Somewhat related, twenty-some years ago, three semi-ghost in Colorado (Cripple Creek, Central City and Blackhawk) convinced the legislature to allow limited-stakes casino gambling (similar to “riverboat” gambling here) as a means to help “save” their vacant and decaying historic Victorian architecture. Overnight, what had been sleepy tourist towns (with economies based primarily on gift shops and “restaurants” catering to tourists) became very, very valuable. If it was “historic” and within the defined boundaries, what couldn’t be given away suddenly had much greater value. The only direct government “subsidy” was allowing gambling – the market set much higher values.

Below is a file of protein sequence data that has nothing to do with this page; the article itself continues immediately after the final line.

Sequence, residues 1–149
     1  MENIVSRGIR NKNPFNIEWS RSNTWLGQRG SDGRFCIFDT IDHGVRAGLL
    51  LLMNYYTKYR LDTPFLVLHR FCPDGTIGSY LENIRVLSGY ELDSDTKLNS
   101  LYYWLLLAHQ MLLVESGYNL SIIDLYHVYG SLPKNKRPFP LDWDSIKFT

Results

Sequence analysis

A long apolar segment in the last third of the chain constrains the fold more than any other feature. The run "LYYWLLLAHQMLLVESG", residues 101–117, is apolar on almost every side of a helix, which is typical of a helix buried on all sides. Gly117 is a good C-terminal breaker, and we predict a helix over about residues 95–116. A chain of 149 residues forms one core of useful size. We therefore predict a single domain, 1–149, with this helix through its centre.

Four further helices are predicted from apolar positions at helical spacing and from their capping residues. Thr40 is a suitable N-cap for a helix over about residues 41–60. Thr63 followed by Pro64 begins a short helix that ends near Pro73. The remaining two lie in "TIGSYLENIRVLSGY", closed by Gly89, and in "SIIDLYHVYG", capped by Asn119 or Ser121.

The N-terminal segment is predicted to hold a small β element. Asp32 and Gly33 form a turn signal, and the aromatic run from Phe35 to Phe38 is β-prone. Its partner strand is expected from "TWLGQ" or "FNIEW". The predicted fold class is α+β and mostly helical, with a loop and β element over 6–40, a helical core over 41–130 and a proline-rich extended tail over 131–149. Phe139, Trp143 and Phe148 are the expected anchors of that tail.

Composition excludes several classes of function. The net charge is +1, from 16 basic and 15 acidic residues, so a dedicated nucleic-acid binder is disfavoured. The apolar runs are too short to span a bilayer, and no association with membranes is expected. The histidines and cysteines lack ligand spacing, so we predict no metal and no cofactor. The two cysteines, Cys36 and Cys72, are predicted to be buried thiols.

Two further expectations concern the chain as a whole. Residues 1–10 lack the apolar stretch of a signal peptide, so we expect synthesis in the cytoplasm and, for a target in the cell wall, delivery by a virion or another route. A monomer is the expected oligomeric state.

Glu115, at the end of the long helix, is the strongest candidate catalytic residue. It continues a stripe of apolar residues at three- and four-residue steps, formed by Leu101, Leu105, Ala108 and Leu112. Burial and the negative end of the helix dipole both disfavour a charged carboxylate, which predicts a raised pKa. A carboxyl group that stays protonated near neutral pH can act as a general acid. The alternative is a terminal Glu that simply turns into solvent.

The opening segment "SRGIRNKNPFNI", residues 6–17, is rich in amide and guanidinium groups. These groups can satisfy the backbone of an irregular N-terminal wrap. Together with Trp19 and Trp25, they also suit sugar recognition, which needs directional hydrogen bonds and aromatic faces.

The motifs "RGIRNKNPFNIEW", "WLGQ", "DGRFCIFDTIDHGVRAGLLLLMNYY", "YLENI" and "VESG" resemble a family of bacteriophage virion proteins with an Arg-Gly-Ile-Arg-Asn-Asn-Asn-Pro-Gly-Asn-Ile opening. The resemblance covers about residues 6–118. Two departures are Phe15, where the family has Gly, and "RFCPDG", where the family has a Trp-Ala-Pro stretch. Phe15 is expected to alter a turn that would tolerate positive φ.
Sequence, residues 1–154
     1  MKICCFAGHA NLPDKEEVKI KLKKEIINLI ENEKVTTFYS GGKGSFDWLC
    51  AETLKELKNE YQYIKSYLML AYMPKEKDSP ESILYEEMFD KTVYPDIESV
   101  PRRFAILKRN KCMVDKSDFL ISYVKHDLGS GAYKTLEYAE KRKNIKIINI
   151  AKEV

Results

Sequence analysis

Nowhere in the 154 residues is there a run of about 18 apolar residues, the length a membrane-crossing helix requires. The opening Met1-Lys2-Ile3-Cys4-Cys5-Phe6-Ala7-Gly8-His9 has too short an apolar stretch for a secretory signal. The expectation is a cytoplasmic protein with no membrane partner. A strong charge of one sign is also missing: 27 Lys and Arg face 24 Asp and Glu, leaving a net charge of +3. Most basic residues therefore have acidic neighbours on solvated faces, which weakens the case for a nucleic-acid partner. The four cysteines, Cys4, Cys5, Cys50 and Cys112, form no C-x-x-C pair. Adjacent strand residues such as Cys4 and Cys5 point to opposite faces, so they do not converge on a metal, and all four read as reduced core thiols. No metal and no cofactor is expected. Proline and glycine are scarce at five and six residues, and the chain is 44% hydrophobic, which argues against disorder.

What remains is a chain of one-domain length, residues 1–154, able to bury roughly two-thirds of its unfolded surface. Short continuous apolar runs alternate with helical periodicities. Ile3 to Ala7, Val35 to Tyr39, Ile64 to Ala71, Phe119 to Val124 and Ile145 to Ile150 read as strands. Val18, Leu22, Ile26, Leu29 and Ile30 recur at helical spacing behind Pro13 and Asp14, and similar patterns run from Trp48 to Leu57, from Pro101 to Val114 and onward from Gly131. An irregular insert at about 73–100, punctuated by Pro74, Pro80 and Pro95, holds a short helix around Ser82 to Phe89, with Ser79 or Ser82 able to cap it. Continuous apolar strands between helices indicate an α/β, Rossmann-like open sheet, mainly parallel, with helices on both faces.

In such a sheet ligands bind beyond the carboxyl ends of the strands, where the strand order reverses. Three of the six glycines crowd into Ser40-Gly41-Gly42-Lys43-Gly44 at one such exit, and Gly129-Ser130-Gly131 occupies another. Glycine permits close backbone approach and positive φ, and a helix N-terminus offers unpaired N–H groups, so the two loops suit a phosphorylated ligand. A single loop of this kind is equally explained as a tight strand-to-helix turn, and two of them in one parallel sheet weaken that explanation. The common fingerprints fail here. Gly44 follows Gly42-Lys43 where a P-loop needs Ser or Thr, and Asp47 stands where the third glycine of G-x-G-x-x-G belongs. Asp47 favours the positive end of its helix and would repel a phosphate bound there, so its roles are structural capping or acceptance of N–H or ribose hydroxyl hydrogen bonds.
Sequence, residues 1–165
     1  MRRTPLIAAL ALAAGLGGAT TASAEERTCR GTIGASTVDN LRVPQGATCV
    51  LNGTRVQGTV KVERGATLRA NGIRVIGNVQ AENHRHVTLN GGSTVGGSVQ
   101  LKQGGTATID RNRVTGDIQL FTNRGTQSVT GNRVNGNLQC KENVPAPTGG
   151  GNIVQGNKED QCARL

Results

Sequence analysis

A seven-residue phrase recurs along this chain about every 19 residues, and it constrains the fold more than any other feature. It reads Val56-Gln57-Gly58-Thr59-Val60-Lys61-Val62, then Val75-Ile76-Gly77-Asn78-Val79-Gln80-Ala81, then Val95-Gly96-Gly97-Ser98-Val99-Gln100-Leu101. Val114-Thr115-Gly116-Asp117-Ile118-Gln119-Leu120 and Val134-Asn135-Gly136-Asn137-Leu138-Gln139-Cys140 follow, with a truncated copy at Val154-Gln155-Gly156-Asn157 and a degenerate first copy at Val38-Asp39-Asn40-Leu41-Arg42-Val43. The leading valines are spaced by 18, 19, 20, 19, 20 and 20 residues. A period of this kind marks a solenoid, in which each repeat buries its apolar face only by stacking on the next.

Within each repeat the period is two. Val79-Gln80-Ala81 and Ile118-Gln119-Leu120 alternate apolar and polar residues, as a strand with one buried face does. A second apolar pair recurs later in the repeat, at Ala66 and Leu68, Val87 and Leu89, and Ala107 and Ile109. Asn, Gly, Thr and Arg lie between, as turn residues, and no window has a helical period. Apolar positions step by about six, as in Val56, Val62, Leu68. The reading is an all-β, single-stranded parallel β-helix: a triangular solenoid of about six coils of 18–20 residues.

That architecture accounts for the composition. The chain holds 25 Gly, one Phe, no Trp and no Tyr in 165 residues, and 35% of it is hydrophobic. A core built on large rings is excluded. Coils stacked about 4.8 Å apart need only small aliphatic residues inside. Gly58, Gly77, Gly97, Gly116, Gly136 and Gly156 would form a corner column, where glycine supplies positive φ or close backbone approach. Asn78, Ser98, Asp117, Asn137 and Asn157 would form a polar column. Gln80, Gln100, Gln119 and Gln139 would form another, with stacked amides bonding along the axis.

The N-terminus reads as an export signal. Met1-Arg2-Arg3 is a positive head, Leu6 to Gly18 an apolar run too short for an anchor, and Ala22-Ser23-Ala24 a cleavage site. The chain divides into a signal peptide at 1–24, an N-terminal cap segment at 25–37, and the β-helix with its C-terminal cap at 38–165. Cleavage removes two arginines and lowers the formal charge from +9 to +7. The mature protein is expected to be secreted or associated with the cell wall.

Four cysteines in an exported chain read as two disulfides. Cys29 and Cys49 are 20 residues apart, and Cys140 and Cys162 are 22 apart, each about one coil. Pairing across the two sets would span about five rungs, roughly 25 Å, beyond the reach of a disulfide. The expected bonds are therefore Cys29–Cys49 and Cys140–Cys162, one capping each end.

Am I suggesting the same thing can work here? No, absolutely not. Much like the new shopping mall or pro sports team or aquarium, any new gimmick eventually becomes old. Central City peaked quickly, 80% of the casino action is now gone and the gift shops are returning. Black Hawk, on the other hand has morphed into a Frankenstein version of multi-story, crappy “Victorian” boxes that might in some weird context meet the spirit of the law: http://www.blackhawkcolorado.com/, http://www.cityofblackhawk.org/. While community based development corporations do help improve values in specific neighborhoods, the fundamental laws of supply and demand continue to play a huge role in determining whether or not an area is propsering or not. And, unfortunately, build it and they will come only goes so far – without customers to support retail and/or non-retail jobs to support other residents, individual efforts can only do so much. Conversely, create enough demand (like in parts of Chicago near the Loop), what was once scary or decrepit is now very much in demand (and rising in value).